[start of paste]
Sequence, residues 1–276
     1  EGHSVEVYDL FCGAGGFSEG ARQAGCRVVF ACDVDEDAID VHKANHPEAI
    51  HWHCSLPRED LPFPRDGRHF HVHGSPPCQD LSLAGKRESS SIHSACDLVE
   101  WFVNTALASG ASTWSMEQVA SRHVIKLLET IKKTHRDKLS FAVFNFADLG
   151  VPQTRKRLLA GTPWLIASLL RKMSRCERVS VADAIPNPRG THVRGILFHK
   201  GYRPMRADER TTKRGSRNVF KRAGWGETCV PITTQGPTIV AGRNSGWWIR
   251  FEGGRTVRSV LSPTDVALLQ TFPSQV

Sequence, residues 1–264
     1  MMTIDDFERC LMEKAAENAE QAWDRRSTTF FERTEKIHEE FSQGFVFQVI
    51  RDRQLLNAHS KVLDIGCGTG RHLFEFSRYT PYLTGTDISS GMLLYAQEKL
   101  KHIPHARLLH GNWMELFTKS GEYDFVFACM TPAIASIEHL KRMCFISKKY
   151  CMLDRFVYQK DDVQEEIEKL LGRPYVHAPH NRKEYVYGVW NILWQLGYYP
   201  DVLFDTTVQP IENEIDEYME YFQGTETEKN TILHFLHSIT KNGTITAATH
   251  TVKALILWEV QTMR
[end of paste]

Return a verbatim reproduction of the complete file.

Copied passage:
Sequence, residues 1–276
     1  EGHSVEVYDL FCGAGGFSEG ARQAGCRVVF ACDVDEDAID VHKANHPEAI
    51  HWHCSLPRED LPFPRDGRHF HVHGSPPCQD LSLAGKRESS SIHSACDLVE
   101  WFVNTALASG ASTWSMEQVA SRHVIKLLET IKKTHRDKLS FAVFNFADLG
   151  VPQTRKRLLA GTPWLIASLL RKMSRCERVS VADAIPNPRG THVRGILFHK
   201  GYRPMRADER TTKRGSRNVF KRAGWGETCV PITTQGPTIV AGRNSGWWIR
   251  FEGGRTVRSV LSPTDVALLQ TFPSQV

Sequence, residues 1–264
     1  MMTIDDFERC LMEKAAENAE QAWDRRSTTF FERTEKIHEE FSQGFVFQVI
    51  RDRQLLNAHS KVLDIGCGTG RHLFEFSRYT PYLTGTDISS GMLLYAQEKL
   101  KHIPHARLLH GNWMELFTKS GEYDFVFACM TPAIASIEHL KRMCFISKKY
   151  CMLDRFVYQK DDVQEEIEKL LGRPYVHAPH NRKEYVYGVW NILWQLGYYP
   201  DVLFDTTVQP IENEIDEYME YFQGTETEKN TILHFLHSIT KNGTITAATH
   251  TVKALILWEV QTMR